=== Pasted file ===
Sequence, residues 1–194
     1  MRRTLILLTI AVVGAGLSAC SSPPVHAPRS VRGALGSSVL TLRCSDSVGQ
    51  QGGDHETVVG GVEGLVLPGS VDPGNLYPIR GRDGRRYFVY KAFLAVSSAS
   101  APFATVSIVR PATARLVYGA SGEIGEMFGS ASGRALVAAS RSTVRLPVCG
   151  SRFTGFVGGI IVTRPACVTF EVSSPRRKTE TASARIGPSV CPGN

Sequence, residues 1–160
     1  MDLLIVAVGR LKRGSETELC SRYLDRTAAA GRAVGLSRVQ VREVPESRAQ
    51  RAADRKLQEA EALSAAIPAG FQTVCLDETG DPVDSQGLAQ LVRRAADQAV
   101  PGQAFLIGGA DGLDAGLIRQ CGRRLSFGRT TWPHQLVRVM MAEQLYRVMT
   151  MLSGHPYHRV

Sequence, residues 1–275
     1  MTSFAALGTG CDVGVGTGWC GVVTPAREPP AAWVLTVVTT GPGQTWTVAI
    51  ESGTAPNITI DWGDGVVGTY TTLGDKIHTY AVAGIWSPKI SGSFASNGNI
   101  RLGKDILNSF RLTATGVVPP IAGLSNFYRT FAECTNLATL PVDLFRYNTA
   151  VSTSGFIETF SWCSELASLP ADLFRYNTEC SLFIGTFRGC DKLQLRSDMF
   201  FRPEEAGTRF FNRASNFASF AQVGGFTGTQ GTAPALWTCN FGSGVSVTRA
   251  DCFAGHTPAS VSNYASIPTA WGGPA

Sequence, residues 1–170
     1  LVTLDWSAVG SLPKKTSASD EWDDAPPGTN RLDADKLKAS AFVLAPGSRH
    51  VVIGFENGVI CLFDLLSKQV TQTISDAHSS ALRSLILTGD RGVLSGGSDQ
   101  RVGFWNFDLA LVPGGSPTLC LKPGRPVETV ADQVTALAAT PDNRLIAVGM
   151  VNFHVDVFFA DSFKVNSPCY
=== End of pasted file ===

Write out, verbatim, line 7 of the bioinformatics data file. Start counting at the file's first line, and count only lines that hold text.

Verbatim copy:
     1  MDLLIVAVGR LKRGSETELC SRYLDRTAAA GRAVGLSRVQ VREVPESRAQ